Oil falls on rising US crude stockpiles
Brent and WTI crude oil futures fall by 0.8% and 0.6% respectively
Oil prices dipped on Wednesday after data revealed a rise in US fuel inventories and crude oil stockpiles for the week ending 22 October.
On Tuesday, the American Petroleum Institute (API) stated that crude inventories rose by 2.3 million barrels in the week, 400,000 barrels more than had been expected.
Instead of the decline that had been predicted, distillate stockpiles rose by one million barrels and gasoline inventories by 500,000 barrels.
By 14:45 (BST), Brent crude futures traded down by 0.8% at $85.71 per barrel, having started the month at $79.21 per barrel.
West Texas Intermediate crude futures stood 0.6% lower at $84.16 per barrel, having begun October at $75.88 per barrel.
API’s Tuesday industry data was followed on Wednesday by official data from the Energy Information Agency (EIA).
This found that US crude oil inventories rose by 4.26 million barrels to 430.8 million barrels, almost double the increase reported by the API.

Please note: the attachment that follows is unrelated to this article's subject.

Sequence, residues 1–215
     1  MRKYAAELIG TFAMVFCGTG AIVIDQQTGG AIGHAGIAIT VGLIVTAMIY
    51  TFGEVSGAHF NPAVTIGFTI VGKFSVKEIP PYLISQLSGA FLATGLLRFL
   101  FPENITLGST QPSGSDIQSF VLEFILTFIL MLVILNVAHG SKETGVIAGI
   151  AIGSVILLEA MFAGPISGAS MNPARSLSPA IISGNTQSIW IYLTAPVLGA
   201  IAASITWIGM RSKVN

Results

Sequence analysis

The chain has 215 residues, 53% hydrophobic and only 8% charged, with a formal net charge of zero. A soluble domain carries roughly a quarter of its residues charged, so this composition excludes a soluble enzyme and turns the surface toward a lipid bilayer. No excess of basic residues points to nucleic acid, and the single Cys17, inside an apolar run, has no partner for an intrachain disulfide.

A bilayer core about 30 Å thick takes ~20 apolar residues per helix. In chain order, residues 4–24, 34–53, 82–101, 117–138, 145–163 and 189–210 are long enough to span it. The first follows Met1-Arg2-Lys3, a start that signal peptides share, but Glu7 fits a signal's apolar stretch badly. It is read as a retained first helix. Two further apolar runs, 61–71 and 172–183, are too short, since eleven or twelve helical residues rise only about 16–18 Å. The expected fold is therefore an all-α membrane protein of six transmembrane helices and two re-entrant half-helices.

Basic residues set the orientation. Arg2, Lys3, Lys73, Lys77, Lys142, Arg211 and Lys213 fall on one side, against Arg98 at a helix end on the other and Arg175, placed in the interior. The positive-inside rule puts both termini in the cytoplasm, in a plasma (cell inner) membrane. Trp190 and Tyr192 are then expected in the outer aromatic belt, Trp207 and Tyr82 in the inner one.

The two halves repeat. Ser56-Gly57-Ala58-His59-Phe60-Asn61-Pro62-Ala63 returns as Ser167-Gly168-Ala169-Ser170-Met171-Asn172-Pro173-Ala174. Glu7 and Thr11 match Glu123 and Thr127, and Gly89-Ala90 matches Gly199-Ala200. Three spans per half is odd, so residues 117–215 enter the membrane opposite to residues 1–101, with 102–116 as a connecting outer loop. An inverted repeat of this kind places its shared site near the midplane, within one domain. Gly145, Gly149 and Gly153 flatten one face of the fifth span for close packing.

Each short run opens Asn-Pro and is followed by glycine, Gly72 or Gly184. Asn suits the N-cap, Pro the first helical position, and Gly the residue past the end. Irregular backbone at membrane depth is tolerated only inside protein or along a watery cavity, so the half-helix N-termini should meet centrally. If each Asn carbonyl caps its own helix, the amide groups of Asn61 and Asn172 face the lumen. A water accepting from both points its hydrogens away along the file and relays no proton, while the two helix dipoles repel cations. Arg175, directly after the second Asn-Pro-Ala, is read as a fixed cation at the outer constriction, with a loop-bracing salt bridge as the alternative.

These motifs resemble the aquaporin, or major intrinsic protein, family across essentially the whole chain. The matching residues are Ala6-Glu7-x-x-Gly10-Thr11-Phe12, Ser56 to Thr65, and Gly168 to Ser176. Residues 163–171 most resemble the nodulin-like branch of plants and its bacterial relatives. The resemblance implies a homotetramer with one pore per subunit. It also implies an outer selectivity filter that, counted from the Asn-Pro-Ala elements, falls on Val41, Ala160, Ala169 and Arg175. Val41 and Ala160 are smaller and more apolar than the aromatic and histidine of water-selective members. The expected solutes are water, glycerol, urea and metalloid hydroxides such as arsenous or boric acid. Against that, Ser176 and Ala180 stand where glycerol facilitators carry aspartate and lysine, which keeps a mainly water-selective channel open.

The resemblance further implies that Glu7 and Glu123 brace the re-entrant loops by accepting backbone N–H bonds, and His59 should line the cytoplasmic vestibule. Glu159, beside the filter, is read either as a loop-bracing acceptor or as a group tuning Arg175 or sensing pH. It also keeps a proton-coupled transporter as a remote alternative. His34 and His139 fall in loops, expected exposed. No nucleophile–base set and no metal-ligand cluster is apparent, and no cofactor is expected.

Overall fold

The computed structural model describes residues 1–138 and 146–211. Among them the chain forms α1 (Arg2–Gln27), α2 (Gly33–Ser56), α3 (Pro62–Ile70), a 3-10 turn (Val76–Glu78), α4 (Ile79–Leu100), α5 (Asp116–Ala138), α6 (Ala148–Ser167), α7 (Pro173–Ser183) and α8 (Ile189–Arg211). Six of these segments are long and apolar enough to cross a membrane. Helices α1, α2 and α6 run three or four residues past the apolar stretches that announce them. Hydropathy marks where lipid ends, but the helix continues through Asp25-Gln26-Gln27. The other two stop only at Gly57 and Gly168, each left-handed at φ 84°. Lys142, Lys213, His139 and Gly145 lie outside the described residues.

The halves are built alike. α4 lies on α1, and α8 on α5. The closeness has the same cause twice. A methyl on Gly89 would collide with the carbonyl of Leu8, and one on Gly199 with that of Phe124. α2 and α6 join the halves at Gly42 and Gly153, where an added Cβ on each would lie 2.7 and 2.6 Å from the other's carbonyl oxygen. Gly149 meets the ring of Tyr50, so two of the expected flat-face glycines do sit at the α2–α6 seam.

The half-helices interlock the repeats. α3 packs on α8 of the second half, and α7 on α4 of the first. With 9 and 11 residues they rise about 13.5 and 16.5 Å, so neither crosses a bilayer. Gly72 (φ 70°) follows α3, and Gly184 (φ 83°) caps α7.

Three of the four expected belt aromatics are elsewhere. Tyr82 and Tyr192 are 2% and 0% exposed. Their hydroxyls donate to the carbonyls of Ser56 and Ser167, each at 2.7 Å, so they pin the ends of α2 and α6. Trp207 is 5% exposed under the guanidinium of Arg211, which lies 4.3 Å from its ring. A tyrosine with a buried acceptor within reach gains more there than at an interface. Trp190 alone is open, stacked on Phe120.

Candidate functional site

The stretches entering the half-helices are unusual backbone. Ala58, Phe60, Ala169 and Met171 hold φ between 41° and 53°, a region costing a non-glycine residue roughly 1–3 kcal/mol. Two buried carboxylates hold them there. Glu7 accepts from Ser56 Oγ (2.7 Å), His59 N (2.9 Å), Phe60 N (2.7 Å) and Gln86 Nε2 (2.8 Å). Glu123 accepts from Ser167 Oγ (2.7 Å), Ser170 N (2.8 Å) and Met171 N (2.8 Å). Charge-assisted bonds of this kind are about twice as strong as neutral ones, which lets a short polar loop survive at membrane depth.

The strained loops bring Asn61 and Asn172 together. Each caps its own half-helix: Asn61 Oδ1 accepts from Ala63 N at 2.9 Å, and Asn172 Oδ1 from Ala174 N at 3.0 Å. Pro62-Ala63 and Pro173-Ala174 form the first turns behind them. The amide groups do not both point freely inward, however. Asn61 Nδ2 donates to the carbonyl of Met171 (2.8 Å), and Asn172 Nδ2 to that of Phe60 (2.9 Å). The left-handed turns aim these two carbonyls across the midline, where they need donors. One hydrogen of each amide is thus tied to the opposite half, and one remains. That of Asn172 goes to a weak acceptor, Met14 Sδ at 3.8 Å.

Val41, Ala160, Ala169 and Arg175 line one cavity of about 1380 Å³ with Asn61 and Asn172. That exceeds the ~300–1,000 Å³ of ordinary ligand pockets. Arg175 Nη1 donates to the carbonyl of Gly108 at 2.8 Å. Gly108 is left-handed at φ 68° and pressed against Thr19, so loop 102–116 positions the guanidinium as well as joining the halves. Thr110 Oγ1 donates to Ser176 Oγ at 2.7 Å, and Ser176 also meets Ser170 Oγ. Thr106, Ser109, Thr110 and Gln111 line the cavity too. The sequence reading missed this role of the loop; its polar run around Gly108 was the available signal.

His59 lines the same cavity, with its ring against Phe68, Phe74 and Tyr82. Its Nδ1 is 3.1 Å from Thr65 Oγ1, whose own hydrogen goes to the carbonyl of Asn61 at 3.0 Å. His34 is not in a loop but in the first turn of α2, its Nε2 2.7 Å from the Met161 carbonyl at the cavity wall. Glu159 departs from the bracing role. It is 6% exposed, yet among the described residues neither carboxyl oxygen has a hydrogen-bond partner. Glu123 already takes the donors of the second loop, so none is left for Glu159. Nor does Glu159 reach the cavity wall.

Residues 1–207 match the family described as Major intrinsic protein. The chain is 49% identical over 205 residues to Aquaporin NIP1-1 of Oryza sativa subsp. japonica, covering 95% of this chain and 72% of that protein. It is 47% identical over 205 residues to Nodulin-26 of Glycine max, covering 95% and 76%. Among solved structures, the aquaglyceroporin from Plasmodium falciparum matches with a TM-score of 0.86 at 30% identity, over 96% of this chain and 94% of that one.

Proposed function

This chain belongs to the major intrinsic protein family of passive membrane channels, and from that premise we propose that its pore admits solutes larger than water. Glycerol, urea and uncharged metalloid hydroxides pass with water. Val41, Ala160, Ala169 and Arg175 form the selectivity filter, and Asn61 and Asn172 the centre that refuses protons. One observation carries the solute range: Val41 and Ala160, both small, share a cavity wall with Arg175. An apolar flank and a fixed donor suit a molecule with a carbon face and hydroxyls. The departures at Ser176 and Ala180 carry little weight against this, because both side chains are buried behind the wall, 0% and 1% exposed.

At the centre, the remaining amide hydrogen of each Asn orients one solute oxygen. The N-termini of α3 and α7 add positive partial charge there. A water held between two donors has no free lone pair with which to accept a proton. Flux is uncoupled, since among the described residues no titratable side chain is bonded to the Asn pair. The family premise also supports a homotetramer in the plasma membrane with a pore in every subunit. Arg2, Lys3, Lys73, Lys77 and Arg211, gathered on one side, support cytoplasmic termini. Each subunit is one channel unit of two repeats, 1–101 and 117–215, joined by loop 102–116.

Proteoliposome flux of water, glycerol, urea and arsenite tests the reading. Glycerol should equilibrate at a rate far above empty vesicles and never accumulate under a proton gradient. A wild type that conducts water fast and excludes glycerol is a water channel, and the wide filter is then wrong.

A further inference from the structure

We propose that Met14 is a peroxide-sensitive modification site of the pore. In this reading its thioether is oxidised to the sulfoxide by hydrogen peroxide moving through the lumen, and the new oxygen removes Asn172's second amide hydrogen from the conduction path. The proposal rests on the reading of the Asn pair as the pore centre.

Distillate stockpiles and gas inventories did decline, however, falling by 432,000 barrels and 1.9 million barrels respectively.
Although Brent has fallen from the three-year high above $86 per barrel that it reached at the start of the week, the international benchmark is still forecast to trade higher in the coming months as the northern hemisphere enters into winter and demand continues to outstrip supply.
The Organisation of the Petroleum Exporting Countries’ refusal to accelerate its planned easing of production cuts has frustrated national leaders from US President Joe Biden to Japanese Prime Minister Fumio Kishida.
Goldman Sachs, which has raised its Brent forecast for the end of 2021 by $10 to $90 per barrel, argued that in addition to OPEC+’s reluctance, the response of non-OPEC producers has been too weak to meet rising demand.
Nor is the phenomenon expected to be short-lived. BNP Paribas has stated that it expects oil prices of around $80 per barrel in 2023, while Morgan Stanley recently increased its long-term oil price outlook to $70 per barrel, a $10 rise.